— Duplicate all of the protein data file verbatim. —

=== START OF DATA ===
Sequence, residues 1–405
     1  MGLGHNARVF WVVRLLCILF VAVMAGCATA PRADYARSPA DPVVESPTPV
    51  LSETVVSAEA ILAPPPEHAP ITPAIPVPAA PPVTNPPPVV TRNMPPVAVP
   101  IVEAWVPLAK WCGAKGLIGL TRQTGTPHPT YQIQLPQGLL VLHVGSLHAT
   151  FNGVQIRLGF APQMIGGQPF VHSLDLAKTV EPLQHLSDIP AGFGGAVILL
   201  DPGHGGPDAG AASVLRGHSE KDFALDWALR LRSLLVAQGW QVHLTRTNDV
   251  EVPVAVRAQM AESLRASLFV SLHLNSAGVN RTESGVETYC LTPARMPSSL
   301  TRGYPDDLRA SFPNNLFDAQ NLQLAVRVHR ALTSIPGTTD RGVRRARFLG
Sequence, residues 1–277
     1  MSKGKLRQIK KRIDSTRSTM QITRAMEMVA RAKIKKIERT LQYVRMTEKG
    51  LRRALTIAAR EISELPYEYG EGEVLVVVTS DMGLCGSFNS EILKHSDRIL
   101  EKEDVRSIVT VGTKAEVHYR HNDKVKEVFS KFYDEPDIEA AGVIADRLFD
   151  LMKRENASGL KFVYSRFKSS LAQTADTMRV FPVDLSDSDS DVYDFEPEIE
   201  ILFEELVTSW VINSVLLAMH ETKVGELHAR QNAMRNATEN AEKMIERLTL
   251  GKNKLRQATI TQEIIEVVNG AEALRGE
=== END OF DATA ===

Sequence, residues 1–405
     1  MGLGHNARVF WVVRLLCILF VAVMAGCATA PRADYARSPA DPVVESPTPV
    51  LSETVVSAEA ILAPPPEHAP ITPAIPVPAA PPVTNPPPVV TRNMPPVAVP
   101  IVEAWVPLAK WCGAKGLIGL TRQTGTPHPT YQIQLPQGLL VLHVGSLHAT
   151  FNGVQIRLGF APQMIGGQPF VHSLDLAKTV EPLQHLSDIP AGFGGAVILL
   201  DPGHGGPDAG AASVLRGHSE KDFALDWALR LRSLLVAQGW QVHLTRTNDV
   251  EVPVAVRAQM AESLRASLFV SLHLNSAGVN RTESGVETYC LTPARMPSSL
   301  TRGYPDDLRA SFPNNLFDAQ NLQLAVRVHR ALTSIPGTTD RGVRRARFLG
Sequence, residues 1–277
     1  MSKGKLRQIK KRIDSTRSTM QITRAMEMVA RAKIKKIERT LQYVRMTEKG
    51  LRRALTIAAR EISELPYEYG EGEVLVVVTS DMGLCGSFNS EILKHSDRIL
   101  EKEDVRSIVT VGTKAEVHYR HNDKVKEVFS KFYDEPDIEA AGVIADRLFD
   151  LMKRENASGL KFVYSRFKSS LAQTADTMRV FPVDLSDSDS DVYDFEPEIE
   201  ILFEELVTSW VINSVLLAMH ETKVGELHAR QNAMRNATEN AEKMIERLTL
   251  GKNKLRQATI TQEIIEVVNG AEALRGE